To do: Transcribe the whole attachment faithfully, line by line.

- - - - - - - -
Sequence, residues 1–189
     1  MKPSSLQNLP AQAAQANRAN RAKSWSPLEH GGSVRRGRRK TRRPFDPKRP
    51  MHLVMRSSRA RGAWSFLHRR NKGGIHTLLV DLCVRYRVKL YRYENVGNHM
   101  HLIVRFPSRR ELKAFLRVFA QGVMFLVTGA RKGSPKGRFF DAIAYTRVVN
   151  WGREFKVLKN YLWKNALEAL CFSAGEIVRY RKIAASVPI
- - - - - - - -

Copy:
Sequence, residues 1–189
     1  MKPSSLQNLP AQAAQANRAN RAKSWSPLEH GGSVRRGRRK TRRPFDPKRP
    51  MHLVMRSSRA RGAWSFLHRR NKGGIHTLLV DLCVRYRVKL YRYENVGNHM
   101  HLIVRFPSRR ELKAFLRVFA QGVMFLVTGA RKGSPKGRFF DAIAYTRVVN
   151  WGREFKVLKN YLWKNALEAL CFSAGEIVRY RKIAASVPI